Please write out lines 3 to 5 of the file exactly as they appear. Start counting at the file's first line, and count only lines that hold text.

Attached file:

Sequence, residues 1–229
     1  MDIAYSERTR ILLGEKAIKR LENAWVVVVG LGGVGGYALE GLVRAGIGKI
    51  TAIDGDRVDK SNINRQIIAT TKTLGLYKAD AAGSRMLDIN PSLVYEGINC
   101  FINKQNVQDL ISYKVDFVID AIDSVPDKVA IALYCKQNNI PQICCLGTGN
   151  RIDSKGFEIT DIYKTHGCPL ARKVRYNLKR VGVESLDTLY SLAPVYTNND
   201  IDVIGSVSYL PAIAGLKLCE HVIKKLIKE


    51  TAIDGDRVDK SNINRQIIAT TKTLGLYKAD AAGSRMLDIN PSLVYEGINC
   101  FINKQNVQDL ISYKVDFVID AIDSVPDKVA IALYCKQNNI PQICCLGTGN
   151  RIDSKGFEIT DIYKTHGCPL ARKVRYNLKR VGVESLDTLY SLAPVYTNND